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Response to H2O Man (Original post)

Wed Mar 20, 2013, 01:36 AM

43. Purge the gaslighters!

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Response to H2O Man (Original post)

Wed Mar 20, 2013, 02:03 AM

44. Inhale fear, exhale anger

such is the road to sickness...

Good article!

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Response to H2O Man (Original post)

Wed Mar 20, 2013, 03:21 AM

45. What Attracted a Peaceful Person Like You to a Bloody Sport Like Boxing?

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Response to AndyTiedye (Reply #45)

Wed Mar 20, 2013, 04:15 PM

47. Good question.

(I plan to respond to everyone on this thread; however, for the next 36 hours, I have a ton of school board business, plus a couple legal cases that I'm working on. But I keep thinking about your's, and want to take a minute to answer your question.)

Years ago, I recall that my mother had watched Mike Douglas or Merv Griffin ..... and she said there was a psychologist on who, among other things, discussed different personality types. He said that in his experience, most boxers were gentle people -- outside of the ring -- who were telling the world, "don't touch me."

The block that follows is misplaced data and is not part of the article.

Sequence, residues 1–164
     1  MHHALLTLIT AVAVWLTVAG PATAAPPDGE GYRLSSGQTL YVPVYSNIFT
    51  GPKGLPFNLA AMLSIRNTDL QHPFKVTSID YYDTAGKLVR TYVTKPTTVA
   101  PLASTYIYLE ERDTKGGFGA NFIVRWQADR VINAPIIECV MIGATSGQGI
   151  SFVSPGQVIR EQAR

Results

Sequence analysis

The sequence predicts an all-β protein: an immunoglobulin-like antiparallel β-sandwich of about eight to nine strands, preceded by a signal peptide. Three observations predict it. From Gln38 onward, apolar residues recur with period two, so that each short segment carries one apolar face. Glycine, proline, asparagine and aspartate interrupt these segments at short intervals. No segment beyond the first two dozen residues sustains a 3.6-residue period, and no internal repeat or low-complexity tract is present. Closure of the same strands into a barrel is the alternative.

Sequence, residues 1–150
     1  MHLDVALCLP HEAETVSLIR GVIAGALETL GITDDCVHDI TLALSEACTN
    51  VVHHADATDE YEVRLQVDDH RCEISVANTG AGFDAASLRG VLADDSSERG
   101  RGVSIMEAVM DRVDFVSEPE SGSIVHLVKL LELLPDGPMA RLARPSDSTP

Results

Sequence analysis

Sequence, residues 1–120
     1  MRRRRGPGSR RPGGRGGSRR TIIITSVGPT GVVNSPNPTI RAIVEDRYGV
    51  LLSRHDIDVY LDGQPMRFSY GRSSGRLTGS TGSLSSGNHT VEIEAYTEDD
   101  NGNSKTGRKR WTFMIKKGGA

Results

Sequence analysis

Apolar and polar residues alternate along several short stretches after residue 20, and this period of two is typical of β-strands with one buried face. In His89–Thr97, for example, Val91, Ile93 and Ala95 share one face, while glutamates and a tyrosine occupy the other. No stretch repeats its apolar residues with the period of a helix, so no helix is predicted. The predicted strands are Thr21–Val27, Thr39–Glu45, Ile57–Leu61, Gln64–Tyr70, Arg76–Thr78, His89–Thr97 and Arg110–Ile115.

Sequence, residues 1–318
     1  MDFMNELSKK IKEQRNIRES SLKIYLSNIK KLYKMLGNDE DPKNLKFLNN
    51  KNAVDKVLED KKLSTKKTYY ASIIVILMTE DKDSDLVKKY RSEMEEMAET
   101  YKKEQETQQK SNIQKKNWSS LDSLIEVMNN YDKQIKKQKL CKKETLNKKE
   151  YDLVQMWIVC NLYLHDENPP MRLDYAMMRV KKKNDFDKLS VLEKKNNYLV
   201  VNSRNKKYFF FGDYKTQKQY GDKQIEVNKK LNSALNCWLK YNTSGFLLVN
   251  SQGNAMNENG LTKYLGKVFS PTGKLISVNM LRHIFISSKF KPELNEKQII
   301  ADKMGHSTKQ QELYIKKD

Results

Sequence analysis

Later this spring will be the 50th anniversary of my first boxing match. (Dang!) Safe to say that I've had 50 years of experience with the sport, and have known literally hundreds of guys who have boxed. I can only think of one who started boxing, as a happy, well-adjusted kid. And maybe I simply didn't know him well.

In my own case, I'd say that I was a nice, gentle kid, who was subjected to far too much violent and hateful abuse ..... at home, in my neighborhood, in school, and in the larger community. I do not say that feeling sorry for myself today ..... although I feel sorry for any kid who is subjected to that type of thing.

So, I learned to box. And it's fair to say that it was a way of saying "don't touch me." Luck for me, I was very good at it. When I was about to graduate from high school, Rubin told me to stop boxing, and go to college ..... to focus on becoming a person who could make a difference in the quality of life around me. Looking back now (from my 3rd or 4th childhood, I suppose), I'm glad that I listened to him.

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Response to H2O Man (Original post)

Wed Mar 20, 2013, 07:23 AM

46. Peace